Benn PA, Ying J, Beazoglou T, Egan JF. Estimates for the sensitivity and false-positive rates for second trimester serum screening for Down syndrome and trisomy 18 with adjustment for cross-identification and double-positive results. Prenatal Diagnosis 2001;21:46-51.

CDC. Racial/ethnic difference in the birth prevalence of spina bifida—Unites States, 1995-2005. MMWR 2009;57:1409-13.

Canick, JA. New choices in prenatal screening for Down syndrome. Obstet & Gynecol Management. 2005;December:38-47.

Malone F, Canick JA, Ball RH, Nyberg DA, Comstock CH, et al. First-trimester or second-trimester screening, or both, for Down’s syndrome. First and Second Trimester Evaluation of Risk (FASTER) Research Consortium. New Engl J Med 2005;353:2001-11.

Palomaki GE, Neveux LM, Knight GJ, Haddow JE, and Lee J. Estimating first-trimester combined screening performance for Down syndrome in dried blood spots versus fresh sera. Genet Med 2007;9:458-63.

Palomaki GE, Neveux LM, Donnenfeld A, Lee JE, McDowell, G, et al. Quality assessment of routine nuchal translucency measurements: a North American laboratory perspective. Genet Med 2008;10:131-8.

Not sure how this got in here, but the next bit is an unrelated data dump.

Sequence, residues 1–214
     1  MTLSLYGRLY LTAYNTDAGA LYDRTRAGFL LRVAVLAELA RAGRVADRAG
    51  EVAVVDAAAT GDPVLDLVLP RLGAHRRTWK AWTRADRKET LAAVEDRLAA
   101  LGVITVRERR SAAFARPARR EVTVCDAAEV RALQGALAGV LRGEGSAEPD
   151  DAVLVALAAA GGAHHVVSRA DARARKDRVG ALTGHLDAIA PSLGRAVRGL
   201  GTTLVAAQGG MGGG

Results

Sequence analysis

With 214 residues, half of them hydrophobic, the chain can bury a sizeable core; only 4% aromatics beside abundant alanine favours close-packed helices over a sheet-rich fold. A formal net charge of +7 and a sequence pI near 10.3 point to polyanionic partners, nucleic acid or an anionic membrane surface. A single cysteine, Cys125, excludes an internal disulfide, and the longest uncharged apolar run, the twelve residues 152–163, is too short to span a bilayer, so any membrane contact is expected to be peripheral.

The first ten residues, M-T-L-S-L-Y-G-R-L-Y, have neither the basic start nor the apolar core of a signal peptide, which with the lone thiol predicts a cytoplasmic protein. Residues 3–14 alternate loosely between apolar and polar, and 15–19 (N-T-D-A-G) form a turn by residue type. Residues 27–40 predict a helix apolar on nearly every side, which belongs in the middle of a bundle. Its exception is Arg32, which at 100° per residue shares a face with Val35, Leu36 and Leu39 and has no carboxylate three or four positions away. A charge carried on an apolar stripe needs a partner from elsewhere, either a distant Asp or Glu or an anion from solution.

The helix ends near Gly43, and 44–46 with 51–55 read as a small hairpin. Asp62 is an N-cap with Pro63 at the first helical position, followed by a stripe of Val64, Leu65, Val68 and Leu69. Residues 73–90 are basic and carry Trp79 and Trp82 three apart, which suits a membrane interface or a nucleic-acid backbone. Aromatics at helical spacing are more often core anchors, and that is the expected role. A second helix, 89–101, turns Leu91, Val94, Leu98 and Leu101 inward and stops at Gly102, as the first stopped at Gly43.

Palomaki GE, Steinort K, Knight GJ, and Haddow JE. Comparing three screening strategies for combining first- and second-trimester Down syndrome markers. Obstet Gynecol 2006;107:367-75.

Wald NJ, Rodeck C, Hackshaw AK, Walters J, Chitty L, et al. First and second trimester antenatal screening for Down’s syndrome: the results of the serum, urine and ultrasound screening study (SURUSS). J Med Screen 2003;10:56-104.

Wapner R, thom E, Simpson JL, Pergament E, Silver R. et al. First-trimester screening for trisomies 21 and 18. First trimester maternal serum biochemistry and fetal nuchal translucency screening (BUN) study group. New Engl J Med 2003;349:1405-13.